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Bourgueil Abbey

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Bourgueil Abbey (more precisely the abbaye Saint-Pierre de Bourgueil-en-Vallée) was a Benedictine monastery in France (current Indre-et-Loire), founded in 990. It was located at Bourgueil, in historic Anjou and the diocese of Angers. The founder was Emma, countess of Blois, daughter of Theobald I of Blois, and duchess of Aquitaine. It later (1630) was attached to the Congregation of Saint-Maur.

Abbaye de Bourgueil, plan général

Plan of Bourgeuil Abbey, circa 1600.

History

Bourgueil was a mansio set up on the Roman main road from Angers to Tours. Other Roman routes converged on Burgolium. Before 977, these lands belonged to Thibaut I of Blois. He gave them as dowry for his daughter Emma. [1]. At this point a priory already existed at Bourgueil.

Emma of Blois, tired of her philandering husband William IV of Aquitaine (935-995), and particularly with his liaison with Aldéarde of Thouars, wife of Herbert I of Thouars, had her rival beaten up and raped.[2]. Emma then fled with her young son, the future William V of Aquitaine, to her brother Odo I, Count of Blois at the château de Chinon. The penitent Emma founded the Abbey in 990, near Chinon. The family was pious and Eudes was a lay abbot of Saint-Martin de Tours and Marmoutier. There were also political reasons, in the Loire region, for the family to stand up to Hugh Capet.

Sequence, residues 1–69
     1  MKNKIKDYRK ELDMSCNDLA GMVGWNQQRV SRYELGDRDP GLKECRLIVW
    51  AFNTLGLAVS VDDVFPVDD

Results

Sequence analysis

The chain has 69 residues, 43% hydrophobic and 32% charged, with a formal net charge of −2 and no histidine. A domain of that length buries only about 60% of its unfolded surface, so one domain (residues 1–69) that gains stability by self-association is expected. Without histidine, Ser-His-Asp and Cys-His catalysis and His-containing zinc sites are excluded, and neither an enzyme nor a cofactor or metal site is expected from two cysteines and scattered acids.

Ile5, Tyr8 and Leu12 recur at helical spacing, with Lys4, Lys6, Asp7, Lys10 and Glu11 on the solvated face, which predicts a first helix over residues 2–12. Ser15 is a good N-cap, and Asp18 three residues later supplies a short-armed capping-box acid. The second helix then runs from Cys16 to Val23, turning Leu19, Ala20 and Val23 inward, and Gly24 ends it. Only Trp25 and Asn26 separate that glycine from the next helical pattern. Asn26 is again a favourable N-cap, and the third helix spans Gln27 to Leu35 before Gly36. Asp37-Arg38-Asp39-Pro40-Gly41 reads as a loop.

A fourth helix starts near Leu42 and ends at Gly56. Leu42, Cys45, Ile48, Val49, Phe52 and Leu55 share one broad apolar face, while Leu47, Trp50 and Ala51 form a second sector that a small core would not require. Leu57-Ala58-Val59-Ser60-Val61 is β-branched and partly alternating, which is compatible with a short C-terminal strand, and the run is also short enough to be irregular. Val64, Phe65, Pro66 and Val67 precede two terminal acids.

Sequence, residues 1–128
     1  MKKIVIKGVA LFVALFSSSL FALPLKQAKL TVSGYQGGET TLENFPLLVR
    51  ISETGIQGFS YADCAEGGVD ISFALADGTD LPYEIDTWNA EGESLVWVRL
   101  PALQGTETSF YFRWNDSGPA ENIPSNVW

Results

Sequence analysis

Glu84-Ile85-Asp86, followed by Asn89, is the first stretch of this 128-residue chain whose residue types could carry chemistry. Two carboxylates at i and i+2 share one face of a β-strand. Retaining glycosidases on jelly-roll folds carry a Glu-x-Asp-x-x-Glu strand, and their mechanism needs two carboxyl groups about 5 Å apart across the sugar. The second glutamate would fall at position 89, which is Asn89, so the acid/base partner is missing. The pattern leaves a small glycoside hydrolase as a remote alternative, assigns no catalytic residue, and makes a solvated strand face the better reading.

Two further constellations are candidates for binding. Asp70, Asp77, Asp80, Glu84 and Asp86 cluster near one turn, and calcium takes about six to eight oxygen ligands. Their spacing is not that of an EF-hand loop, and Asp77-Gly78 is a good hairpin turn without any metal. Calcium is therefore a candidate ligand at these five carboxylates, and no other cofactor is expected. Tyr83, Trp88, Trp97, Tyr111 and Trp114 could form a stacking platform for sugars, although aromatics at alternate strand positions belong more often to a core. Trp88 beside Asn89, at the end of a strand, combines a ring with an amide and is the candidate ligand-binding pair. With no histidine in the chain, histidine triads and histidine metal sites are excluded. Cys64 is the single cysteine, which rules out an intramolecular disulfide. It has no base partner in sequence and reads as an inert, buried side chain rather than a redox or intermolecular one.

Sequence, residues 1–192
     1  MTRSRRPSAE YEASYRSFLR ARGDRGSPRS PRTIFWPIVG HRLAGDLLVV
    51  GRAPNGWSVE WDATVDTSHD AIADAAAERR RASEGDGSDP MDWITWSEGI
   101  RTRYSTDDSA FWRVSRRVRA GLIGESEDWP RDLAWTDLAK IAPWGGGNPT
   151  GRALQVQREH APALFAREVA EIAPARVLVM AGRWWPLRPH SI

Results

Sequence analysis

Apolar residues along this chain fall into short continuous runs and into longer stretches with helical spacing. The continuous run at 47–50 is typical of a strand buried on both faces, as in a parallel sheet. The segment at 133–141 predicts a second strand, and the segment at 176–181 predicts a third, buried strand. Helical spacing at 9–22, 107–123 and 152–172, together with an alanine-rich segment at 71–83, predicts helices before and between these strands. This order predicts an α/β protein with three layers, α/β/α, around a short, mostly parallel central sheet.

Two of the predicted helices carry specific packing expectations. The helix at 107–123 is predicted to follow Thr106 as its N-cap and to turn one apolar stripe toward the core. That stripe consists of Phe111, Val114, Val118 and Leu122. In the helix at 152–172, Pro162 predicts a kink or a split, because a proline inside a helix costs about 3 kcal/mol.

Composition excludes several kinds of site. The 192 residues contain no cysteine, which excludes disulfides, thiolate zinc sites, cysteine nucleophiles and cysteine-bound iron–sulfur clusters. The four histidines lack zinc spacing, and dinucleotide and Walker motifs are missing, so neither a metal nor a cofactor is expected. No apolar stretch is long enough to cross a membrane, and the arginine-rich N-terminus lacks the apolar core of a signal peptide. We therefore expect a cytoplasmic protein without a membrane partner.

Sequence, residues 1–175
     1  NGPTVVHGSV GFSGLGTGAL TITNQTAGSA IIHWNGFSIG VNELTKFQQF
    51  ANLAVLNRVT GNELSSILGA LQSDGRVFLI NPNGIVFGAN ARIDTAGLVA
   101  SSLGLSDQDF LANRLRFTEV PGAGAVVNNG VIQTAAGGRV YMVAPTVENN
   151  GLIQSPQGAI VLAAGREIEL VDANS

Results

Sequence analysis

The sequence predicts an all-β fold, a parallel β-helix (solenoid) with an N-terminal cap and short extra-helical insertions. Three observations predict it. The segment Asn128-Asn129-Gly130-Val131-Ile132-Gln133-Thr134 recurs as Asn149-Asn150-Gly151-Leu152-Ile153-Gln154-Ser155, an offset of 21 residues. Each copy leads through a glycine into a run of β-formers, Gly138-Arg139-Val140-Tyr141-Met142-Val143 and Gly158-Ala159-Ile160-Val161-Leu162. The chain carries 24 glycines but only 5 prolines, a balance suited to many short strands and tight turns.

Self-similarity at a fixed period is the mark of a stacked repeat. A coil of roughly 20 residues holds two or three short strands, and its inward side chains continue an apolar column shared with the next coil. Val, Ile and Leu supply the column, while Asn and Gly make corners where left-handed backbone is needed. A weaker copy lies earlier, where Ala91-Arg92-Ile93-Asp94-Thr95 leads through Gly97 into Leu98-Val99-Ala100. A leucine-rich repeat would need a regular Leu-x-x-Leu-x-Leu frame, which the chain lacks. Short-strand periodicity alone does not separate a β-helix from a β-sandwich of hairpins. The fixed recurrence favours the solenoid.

Eglisestjulien

The founding group of monks came from abbaye de Saint-Julien de Tours.

The rich endowment likely came from several sources: Emma's uncle Herbert III of Omois, but also her husband's estate, which included Brolium, Longua-Aqua, Oziacum , Vendeia... (Le Breuil, Longève, Gazais et La Vendée in Poitou).[3]. William V also contributed. The possessions -- land and a large forest, feudal and seigneurial rights down to the waters of the Loire -- were later counted as a barony.

From the twelfth centuries the Abbey acquired 42 dependent priories and 64 parishes in the Angoumois, Île-de-France. The Abbot Baudry de Bourgueil was a poet who praised in verse the wine cultivated locally by the monks.

Notes

  1. Jacques Xavier Carré de Busserolle, Dictionnaire géographique, historique et biographique d'Indre-et-Loire et de ... , Tome I- page 358, 1878.
  2. Herbert I (vers 960 - 987)
  3. L'Anjou et ses Monuments, vol. 1, p. 351 et Archives d'Anjou, recueil des documents et mémoires inédits sur cette..., 1843, p.82n.

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